If possible, the webcast will be embedded here. You can also follow the event live at the Bareket Observatory's 2012 DA14 webcast page.

Virtual Telescope Project webcast, Italy

Amateur astronomer Gianluca Masi, who leads the Virtual Telescope Project, will provide live views of asteroid 2012 DA14 from Ceccano, Italy, beginning at 5 p.m. EST (2200 GMT).

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"We have been contacted by a lot of people for this show and all suggests it will be a memorable event!" Masi told "I'm impressed to see how asteroids never fail to grasp people imagination. Of course, this is a close encounter, but we must admit that the asteroids never fail to get such attention!"

You can watch the webcast in the window above or directly from the Virtual Telescope Project asteroid 2012 DA14 flyby page.

NASA's Marshall Space Flight Center webcast, Alabama

In addition to the live commentary on NASA TV, the space agency will also provide near real-time images of asteroid 2012 DA14 before and after closest approach via a telescope at the Marshall Space Flight Center in Huntsville, Ala.  

The webcast will begin at 9 p.m. EST (0200 Feb. 16 GMT/6 p.m. PST) and last three hours. It will be visible in the window above. You can also follow it directly at the Marshall Space Flight Center Ustream webcast page.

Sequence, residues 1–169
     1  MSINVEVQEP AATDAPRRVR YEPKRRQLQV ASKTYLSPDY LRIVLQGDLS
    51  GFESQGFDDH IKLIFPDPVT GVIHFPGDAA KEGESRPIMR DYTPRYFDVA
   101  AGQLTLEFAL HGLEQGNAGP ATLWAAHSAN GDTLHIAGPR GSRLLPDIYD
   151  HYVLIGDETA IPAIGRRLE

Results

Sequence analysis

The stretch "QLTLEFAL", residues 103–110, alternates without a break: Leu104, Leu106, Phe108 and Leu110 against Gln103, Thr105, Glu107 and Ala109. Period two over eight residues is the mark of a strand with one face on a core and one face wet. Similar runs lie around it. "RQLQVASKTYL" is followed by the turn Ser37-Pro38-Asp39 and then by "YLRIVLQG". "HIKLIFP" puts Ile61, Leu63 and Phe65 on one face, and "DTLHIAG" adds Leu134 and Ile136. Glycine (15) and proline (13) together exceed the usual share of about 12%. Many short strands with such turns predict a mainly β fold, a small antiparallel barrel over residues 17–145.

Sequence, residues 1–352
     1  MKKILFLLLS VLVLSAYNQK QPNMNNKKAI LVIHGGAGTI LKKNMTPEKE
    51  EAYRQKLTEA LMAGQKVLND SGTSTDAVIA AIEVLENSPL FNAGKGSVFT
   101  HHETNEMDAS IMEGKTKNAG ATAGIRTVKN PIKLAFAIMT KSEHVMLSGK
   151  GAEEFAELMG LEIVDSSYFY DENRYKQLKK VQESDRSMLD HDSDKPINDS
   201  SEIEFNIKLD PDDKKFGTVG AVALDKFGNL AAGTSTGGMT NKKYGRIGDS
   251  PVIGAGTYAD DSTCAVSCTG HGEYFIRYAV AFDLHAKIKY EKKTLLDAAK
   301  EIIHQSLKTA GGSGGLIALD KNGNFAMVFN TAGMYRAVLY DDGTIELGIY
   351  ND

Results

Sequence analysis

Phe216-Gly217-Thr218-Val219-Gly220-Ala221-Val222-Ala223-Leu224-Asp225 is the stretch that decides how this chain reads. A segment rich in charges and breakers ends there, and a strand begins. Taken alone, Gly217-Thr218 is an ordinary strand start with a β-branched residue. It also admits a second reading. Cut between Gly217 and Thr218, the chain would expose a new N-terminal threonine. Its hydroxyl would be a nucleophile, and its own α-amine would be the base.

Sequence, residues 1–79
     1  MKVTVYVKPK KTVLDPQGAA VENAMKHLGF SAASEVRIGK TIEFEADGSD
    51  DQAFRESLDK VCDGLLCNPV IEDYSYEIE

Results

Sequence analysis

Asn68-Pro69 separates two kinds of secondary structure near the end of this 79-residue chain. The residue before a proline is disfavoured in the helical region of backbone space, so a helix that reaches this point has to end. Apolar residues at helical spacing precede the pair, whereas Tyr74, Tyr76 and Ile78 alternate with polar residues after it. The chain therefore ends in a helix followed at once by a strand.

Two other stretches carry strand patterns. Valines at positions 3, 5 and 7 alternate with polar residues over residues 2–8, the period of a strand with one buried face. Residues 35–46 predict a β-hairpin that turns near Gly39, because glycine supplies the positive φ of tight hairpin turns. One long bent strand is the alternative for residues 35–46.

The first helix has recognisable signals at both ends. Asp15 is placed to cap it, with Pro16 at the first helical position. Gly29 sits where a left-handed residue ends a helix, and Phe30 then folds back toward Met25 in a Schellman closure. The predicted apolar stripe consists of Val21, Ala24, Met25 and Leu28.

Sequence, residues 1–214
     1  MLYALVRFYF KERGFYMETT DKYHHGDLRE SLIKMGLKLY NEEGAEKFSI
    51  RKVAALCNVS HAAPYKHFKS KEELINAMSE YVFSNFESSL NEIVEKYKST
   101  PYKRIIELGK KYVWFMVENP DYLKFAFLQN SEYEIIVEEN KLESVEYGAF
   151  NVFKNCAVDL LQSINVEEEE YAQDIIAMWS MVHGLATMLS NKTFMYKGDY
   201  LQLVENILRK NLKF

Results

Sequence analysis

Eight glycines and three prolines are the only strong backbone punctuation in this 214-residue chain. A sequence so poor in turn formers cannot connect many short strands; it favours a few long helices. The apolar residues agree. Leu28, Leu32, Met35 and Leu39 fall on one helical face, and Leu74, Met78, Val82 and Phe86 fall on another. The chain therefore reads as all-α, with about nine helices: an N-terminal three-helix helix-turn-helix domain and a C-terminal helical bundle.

Slooh Space Camera, Africa and Arizona

The online Slooh Space Camera stargazing website will hold several free online webcasts on Friday to chronicle asteroid 2012 DA14's flyby, beginning at 9 p.m. EST (0200 Feb. 16 GMT). The webcasts will feature real-time commentary by Slooh Space Camera's Paul Cox, astronomer Bob Berman of Astronomy Magazine, and Matt Francis, the manager of Prescott Observatory at Embry-Riddle University in Arizona.

Graphic depicts the trajectory of asteroid 2012 DA14 on Feb 15, 2013. In this view, we are looking down from above Earth's north pole. (Image credit: NASA/JPL-Caltech)

The Slooh webcasts will provide views of asteroid 2012 DA14 from observatories in the Canary Islands, off the west coast of Africa, and in Arizona. They will also be viewable on iOS and Android mobile devices.

You can watch the Slooh webcast in the window at show time, or directly from the Slooh Space Camera website. is providing complete coverage of asteroid 2012 DA14's flyby. Visit on Friday (Feb. 15) for day-long coverage as the asteroid buzzes Earth.

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Tariq Malik

Tariq is the Editor-in-Chief of and joined the team in 2001, first as an intern and staff writer, and later as an editor. He covers human spaceflight, exploration and space science, as well as skywatching and entertainment. He became's Managing Editor in 2009 and Editor-in-Chief in 2019. Before joining, Tariq was a staff reporter for The Los Angeles Times covering education and city beats in La Habra, Fullerton and Huntington Beach. In October 2022, Tariq received the Harry Kolcum Award for excellence in space reporting from the National Space Club Florida Committee. He is also an Eagle Scout (yes, he has the Space Exploration merit badge) and went to Space Camp four times as a kid and a fifth time as an adult. He has journalism degrees from the University of Southern California and New York University. You can find Tariq at and as the co-host to the This Week In Space podcast with space historian Rod Pyle on the TWiT network. To see his latest project, you can follow Tariq on Twitter @tariqjmalik.